Date of Conferral
Doctor of Nursing Practice (DNP)
Mary T. Verklan
New graduate nurses (NGNs) at bedside are faced with numerous challenges, which prompt them to leave jobs in their first year. The transition from being a student to competent nurse requires a NGN to have the necessary skills and experience. Subsequently, hospitals continue to face shortages of staff because of high turnover and low retention levels. Nonetheless, evidence from reviewed literature has indicated that the use of residency programs can increase NGNs' stay at bedside, improve retention, reduce costs of operations, and return employees' turnover. The purpose of this quality improvement project was to identify the likelihood of NGNs remaining at bedside after participating in a 52 week NGN residency program in the critical care units at Palmetto Health hospital. When a hospital recruits and retains NGNs at the bedside, the quality of life among patients is improved. Benner's theory of novice to expert was utilized to understand professional growth of nurses. Data were collected from the human resource department of the 18 nurses who initially participated in the residency program to compare retention rates before and after its implementation. The project initiative was based on a quantitative non-experimental comparison design. Based on the evidence from the human resource department, there was a 14% improvement in nurse retention 3 months after the implementation of the NGN residency program. A statewide adoption of NGN residency programs was recommended to help improve retention and enhance NGNs' professional improvement and quality of care. The implementation of NGN residency program also demonstrated implications for social change through increasing retention, building nurse competency, and enhancing quality of care delivered.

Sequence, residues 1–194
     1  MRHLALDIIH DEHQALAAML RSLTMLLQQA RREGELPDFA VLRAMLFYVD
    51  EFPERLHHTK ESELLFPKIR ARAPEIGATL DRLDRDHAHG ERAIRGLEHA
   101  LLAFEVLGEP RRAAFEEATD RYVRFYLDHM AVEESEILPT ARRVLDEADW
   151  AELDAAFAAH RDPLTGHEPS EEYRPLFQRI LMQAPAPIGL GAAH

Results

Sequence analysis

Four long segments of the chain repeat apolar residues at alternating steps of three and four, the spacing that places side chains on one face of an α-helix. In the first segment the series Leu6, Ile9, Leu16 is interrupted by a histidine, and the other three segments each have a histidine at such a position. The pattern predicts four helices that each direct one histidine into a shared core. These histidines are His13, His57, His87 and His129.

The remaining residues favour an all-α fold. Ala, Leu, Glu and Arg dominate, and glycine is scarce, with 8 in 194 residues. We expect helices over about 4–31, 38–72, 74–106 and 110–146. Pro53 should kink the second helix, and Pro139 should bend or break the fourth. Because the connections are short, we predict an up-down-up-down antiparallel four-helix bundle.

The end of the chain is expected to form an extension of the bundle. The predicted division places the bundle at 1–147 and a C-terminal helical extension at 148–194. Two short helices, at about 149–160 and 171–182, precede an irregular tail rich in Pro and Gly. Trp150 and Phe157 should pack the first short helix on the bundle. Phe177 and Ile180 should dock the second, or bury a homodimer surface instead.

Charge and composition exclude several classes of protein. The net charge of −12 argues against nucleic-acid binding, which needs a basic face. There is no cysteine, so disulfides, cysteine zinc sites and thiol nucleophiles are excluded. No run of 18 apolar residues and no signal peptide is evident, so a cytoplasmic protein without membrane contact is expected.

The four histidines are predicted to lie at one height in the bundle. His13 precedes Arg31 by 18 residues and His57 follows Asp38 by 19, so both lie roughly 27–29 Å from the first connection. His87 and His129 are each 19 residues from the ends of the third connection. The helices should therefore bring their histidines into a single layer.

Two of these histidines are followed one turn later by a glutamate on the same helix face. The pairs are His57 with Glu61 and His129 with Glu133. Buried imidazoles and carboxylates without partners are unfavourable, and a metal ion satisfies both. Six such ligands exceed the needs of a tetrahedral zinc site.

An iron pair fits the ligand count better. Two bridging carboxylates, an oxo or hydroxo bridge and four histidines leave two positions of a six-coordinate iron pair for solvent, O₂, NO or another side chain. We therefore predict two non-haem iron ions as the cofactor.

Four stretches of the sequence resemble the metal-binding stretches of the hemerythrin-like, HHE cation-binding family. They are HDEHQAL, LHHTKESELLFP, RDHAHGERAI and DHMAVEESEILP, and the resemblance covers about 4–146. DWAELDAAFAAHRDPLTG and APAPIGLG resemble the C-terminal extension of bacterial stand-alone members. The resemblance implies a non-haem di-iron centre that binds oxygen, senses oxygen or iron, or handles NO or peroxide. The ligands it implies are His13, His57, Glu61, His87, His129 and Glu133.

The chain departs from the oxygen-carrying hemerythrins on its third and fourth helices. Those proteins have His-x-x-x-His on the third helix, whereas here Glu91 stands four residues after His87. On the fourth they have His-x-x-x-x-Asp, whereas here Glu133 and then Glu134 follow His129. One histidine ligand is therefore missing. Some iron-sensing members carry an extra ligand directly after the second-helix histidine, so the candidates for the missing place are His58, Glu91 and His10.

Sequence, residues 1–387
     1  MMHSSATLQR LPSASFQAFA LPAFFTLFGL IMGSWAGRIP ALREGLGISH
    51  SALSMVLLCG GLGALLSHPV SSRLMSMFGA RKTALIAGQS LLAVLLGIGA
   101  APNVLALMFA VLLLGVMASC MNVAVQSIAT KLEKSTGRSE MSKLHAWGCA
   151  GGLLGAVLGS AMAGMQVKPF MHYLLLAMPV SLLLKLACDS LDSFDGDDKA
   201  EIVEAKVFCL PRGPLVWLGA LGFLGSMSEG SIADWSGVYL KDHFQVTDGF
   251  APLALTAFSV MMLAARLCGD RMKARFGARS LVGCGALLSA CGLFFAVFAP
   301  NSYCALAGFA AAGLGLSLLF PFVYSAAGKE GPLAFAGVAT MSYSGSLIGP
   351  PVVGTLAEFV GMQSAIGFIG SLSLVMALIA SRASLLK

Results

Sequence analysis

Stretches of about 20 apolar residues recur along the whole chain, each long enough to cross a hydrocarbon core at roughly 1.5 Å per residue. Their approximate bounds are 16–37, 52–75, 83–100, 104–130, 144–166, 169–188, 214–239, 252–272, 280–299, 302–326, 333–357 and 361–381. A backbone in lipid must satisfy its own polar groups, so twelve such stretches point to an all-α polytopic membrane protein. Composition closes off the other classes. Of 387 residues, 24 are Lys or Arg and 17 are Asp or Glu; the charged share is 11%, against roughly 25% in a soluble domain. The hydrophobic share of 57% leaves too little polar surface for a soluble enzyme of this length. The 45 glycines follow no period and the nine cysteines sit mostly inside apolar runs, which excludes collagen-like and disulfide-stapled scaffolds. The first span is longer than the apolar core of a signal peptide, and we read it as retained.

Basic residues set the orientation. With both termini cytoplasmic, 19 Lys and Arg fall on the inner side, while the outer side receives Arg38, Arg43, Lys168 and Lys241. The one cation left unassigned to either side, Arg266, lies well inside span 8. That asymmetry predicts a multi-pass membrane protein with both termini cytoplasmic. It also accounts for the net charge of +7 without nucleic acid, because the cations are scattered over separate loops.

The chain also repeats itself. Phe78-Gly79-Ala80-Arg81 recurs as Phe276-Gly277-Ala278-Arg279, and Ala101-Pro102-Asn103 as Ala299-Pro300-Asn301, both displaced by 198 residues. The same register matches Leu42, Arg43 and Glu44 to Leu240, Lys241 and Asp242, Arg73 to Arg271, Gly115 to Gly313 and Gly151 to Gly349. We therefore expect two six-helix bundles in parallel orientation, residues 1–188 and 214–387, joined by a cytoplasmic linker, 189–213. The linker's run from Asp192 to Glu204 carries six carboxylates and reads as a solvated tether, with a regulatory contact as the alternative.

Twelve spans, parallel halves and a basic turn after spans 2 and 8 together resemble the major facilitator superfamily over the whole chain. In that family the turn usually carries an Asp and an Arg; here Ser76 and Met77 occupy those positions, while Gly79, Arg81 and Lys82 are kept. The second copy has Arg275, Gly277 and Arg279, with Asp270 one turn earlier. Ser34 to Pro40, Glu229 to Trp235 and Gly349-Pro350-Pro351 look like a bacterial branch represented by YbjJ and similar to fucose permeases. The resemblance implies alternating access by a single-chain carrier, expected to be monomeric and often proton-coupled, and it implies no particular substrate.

Miller, Beverly Elaine, "Losing New Graduate Bedside Nurses, a Practice Improvement Initiative" (2017). Walden Dissertations and Doctoral Studies. 3904.